Unlike most other events you will attend as a motorcycle rider the sense of community and camaraderie there is like no other. I’ve been trackside at many other forms of racing, and although there are those that come close, mostly on the district motocross level, none are like Bonneville. Maybe it’s the fact that you’re a million miles from anything when you are there so if you need something there is no easy answer. If someone else on the salt doesn’t have something to help you, then you have a hundred and ten-mile ride to the closest real town to get anything. Regularly you will hear loudspeaker announcements asking for help for other riders, and people actually scramble to the call, even people running in the same class. It is in this spirit that Al Lamb of Dallas Honda invited everyone from every team to his trailer one night during the event for a Beef Brisket dinner that he had been smoking for days on the salt. The best part was that through a mishap in shipping Al’s bike, “Big Red” was not able to make the event, and he spent the week there just waiting… Well waiting and smoking. The brisket was to die for, thank you, Al!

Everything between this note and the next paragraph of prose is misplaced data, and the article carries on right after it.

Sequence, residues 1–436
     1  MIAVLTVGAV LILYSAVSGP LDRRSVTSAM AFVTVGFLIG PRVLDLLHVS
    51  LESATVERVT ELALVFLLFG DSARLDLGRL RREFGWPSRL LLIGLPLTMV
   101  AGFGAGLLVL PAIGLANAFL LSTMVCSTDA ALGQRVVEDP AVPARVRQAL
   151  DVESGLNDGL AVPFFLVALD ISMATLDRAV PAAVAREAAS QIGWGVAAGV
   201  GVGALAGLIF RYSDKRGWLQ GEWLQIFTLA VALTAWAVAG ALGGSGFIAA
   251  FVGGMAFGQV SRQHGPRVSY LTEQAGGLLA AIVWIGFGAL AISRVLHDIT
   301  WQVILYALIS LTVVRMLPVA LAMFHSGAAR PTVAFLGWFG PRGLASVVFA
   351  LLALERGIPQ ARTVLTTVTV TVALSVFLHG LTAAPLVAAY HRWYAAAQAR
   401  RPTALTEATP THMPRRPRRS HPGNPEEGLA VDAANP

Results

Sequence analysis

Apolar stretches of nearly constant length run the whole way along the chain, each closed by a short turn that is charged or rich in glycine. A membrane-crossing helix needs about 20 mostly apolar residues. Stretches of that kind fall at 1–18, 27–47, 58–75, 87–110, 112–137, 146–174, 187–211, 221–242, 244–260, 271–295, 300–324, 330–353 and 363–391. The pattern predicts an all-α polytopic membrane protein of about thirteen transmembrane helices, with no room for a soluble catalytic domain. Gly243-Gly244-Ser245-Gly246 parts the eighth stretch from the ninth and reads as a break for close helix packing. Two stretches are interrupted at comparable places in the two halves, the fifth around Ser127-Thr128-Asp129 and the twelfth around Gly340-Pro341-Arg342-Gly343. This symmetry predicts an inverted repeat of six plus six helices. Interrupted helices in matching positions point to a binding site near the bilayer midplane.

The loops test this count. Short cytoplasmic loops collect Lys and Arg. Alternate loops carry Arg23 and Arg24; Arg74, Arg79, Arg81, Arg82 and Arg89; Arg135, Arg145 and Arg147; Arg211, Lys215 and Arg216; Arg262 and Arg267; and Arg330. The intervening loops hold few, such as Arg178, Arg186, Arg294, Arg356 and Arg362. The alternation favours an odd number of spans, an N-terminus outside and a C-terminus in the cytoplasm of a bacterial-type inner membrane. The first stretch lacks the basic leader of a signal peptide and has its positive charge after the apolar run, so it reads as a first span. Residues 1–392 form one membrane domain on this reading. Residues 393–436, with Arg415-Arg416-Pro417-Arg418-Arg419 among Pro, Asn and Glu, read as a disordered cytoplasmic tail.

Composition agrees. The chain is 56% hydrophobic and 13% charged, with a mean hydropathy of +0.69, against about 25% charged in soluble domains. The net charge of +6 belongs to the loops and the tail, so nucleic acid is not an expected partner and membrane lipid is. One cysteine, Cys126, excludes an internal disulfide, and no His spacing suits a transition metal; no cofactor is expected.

Even the track workers are like family. Since this event is put on at great expense as you can imagine, the volunteers are some of the most important parts of the whole machine. Apparently this year they were a bit short, and I suggested to Heather that we take two slots working the gate to help out, just like many others did. It’s not for extra credit; this is just what it’s like there man. People need help, and you step up. For that you got a cool staff shirt, a tent with a stop sign and a cooler full of bottled water, a priceless commodity on the salt in fact. It was funny to me that everyone coming off the salt at the end of the day slowed down and said thank you. They knew that the people at the gate are volunteers like us and each and every one appreciates the help.